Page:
Food prices have increased and fuel is expensive now. We are beaten up by police and army on daily basis but still we rise and refuse to be silenced as we continue to work for change. We do all we do with little resources because we are aware that it is not about what you have in your hands but what is inside of us is more powerful than what is on the outside.

They have tried to manufacture lies and sponsor a propaganda campaign to divide us but our leaders like Mlungisi Makhanya, Sibongile Mazibuko, Mduduzi Gawuzela Simelane, Mduduzi Bacede Mabuza, Mthandeni Dube, Thulani Maseko and Mandla Hlatjwako have pulled us together and reminded us about the bigger picture.

Our leaders have put efforts to see us united and the Swazi people have seen that there is no victory in division—we need unity and they have chosen unity. The regime is losing that battle because we have refused to be divided. That is how resolute we are; that is how resilient we have become!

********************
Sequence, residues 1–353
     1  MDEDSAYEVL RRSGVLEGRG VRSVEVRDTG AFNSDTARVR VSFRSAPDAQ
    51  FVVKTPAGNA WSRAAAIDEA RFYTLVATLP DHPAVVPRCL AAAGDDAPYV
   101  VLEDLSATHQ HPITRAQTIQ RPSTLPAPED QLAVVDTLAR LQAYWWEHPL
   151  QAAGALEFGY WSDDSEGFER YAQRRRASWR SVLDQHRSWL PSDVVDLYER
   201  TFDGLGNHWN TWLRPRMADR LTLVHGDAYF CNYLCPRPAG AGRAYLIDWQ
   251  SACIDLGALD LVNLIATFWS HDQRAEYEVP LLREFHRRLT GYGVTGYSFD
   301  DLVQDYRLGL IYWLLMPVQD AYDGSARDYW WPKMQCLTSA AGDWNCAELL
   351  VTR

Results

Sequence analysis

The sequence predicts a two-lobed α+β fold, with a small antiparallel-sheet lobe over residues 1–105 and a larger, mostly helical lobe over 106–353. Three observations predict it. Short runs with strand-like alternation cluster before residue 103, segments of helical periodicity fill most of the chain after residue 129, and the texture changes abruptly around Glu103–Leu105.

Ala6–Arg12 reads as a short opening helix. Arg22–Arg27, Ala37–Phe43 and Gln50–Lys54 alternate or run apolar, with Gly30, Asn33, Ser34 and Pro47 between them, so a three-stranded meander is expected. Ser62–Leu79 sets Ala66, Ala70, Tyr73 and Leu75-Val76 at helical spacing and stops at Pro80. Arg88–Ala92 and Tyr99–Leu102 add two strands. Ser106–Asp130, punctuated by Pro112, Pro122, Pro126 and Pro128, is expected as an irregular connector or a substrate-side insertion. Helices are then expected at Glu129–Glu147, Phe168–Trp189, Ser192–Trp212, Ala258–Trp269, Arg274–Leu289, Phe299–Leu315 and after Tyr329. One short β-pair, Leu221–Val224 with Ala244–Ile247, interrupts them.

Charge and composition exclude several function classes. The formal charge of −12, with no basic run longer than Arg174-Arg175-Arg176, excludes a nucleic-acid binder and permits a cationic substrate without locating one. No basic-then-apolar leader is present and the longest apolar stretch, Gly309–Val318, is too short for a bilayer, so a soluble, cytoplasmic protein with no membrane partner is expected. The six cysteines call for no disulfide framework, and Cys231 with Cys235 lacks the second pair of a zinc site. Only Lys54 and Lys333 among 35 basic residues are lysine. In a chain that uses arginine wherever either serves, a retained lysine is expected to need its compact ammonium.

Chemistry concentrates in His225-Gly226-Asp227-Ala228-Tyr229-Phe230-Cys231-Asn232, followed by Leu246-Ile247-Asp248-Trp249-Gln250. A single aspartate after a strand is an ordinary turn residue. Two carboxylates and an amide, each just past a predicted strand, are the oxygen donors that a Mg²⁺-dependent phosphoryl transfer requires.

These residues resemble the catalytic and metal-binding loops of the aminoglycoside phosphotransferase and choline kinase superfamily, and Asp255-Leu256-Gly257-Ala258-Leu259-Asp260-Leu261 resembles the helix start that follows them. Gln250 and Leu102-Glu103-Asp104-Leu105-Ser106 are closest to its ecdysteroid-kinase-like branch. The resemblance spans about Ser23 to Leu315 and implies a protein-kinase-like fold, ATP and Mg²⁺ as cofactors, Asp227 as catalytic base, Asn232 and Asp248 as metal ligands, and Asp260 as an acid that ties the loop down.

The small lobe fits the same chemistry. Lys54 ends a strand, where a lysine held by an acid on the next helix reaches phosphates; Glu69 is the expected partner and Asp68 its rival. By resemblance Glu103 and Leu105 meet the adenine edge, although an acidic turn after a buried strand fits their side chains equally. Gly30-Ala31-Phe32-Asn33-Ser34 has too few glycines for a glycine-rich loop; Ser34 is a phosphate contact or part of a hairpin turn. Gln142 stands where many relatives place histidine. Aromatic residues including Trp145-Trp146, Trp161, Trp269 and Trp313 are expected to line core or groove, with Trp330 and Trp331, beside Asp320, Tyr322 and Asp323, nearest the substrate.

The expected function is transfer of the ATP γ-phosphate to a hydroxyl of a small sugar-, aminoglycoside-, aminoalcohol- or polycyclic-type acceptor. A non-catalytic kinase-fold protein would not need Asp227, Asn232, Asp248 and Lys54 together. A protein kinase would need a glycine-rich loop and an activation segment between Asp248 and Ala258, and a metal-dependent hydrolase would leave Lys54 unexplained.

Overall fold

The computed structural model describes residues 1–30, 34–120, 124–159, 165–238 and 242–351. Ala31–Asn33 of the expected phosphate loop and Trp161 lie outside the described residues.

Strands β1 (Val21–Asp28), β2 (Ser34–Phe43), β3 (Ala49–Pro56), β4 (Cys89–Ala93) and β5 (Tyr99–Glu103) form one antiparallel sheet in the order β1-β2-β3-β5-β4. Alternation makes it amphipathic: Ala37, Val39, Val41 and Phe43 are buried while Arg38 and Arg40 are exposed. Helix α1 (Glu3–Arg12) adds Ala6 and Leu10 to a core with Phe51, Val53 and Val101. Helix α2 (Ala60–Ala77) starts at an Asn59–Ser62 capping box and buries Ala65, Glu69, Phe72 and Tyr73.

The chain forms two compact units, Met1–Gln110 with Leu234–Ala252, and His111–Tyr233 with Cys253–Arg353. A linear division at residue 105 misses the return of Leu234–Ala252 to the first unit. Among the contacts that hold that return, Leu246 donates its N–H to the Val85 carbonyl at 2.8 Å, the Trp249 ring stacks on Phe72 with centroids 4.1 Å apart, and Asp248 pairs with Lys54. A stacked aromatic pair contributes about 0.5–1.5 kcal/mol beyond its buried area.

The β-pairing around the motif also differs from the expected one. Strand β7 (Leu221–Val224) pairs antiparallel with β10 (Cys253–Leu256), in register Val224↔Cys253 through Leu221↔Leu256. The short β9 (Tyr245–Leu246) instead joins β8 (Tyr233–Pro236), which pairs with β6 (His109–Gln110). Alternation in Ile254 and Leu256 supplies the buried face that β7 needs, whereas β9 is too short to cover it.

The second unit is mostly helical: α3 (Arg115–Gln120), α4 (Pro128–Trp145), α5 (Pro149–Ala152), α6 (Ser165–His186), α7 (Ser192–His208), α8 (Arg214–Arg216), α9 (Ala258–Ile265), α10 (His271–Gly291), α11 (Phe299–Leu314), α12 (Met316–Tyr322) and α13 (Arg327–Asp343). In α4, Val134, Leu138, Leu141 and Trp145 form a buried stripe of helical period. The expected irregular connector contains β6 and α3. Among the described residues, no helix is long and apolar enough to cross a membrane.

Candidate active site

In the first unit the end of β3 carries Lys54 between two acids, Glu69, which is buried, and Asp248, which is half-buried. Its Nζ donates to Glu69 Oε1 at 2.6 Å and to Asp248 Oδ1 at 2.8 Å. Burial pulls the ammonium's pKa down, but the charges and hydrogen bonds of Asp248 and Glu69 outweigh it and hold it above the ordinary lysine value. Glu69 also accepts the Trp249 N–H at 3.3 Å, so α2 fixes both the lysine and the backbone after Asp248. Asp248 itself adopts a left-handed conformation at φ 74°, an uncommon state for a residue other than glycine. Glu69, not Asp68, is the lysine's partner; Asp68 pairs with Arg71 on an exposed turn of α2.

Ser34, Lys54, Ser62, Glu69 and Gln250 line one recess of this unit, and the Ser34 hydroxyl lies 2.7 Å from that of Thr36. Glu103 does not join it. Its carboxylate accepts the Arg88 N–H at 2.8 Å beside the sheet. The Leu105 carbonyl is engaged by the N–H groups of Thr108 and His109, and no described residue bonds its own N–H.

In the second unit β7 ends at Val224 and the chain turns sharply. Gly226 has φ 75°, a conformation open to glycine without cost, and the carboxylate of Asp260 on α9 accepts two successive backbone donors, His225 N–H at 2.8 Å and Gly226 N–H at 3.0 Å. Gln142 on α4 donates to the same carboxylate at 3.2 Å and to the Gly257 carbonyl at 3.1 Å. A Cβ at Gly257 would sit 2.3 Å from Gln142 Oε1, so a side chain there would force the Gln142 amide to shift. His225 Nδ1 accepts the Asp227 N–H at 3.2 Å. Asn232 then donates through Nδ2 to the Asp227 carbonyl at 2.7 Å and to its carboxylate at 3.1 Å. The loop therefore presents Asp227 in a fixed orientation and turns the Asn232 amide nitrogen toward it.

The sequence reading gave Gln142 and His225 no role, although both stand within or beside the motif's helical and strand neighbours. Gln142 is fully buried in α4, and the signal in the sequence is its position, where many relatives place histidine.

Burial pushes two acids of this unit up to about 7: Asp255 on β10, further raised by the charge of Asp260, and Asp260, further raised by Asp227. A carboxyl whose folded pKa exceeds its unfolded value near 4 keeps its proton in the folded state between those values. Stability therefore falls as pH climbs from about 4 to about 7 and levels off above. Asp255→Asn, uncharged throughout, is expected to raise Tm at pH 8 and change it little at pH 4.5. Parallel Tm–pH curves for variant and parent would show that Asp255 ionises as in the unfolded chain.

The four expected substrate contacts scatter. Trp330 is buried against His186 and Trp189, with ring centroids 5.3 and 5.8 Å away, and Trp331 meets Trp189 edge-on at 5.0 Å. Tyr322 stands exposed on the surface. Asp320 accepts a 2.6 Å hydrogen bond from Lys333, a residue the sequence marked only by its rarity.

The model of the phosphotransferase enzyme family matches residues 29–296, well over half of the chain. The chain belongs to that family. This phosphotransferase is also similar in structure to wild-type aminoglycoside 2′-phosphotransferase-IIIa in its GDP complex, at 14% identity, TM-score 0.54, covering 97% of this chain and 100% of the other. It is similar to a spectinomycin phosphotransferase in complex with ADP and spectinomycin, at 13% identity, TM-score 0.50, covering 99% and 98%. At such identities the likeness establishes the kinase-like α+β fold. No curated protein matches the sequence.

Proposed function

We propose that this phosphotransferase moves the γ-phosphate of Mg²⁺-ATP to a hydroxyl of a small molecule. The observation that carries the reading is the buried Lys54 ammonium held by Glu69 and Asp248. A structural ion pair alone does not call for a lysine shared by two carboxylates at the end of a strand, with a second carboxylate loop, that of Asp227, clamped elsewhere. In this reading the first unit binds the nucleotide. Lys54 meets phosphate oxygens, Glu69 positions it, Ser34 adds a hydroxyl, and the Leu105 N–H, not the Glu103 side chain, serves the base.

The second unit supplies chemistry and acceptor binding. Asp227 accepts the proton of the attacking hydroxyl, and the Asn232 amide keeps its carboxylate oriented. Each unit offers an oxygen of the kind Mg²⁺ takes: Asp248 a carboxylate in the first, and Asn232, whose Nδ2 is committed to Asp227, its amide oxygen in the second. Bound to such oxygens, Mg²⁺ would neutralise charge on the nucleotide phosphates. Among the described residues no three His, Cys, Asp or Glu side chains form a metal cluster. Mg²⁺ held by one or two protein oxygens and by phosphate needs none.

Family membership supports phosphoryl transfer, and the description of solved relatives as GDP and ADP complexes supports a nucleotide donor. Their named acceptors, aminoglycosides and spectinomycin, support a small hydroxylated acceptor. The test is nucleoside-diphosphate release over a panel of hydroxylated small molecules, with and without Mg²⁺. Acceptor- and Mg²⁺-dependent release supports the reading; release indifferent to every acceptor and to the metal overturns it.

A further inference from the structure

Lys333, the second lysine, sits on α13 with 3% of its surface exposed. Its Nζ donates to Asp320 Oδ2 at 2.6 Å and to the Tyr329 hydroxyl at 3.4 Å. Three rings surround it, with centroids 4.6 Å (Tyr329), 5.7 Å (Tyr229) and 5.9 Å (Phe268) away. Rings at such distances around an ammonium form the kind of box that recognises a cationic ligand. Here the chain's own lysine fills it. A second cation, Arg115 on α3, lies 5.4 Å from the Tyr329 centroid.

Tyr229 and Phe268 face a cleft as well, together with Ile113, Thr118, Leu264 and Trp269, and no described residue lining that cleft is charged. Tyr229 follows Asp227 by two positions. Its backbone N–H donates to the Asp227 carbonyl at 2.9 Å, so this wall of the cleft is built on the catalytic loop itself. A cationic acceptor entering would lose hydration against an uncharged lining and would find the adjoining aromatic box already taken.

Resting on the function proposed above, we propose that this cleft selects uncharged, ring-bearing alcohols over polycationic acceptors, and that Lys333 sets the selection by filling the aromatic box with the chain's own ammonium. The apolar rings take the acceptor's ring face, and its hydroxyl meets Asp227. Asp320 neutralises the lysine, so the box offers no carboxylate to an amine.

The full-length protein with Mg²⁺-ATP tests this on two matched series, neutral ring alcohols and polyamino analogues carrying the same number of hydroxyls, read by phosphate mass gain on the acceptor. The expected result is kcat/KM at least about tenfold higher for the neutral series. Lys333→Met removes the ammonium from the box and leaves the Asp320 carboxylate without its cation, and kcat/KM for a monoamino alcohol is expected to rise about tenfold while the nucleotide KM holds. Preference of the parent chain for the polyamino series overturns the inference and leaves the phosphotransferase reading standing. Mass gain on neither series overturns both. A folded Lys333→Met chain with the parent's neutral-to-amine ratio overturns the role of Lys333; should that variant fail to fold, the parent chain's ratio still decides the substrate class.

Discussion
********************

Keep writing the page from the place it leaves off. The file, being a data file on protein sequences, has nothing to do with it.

All we want is a right to self-determination and to have a country we can all be proud to call home. Prison will not break our hearts. Exile cannot stop the winds of change. Death will never ever make us surrender – those who remain will push until victory.

Surely, the year 2021 has shown that we are a strong nation. We are a loving society and we are resilient. No one can defocus our efforts and we refuse to give up on the journey we have started as a people. We are Swazis and we are strong; we are Swazis and we are resilient. Salute the resilience of the Swazi people. The struggle continues!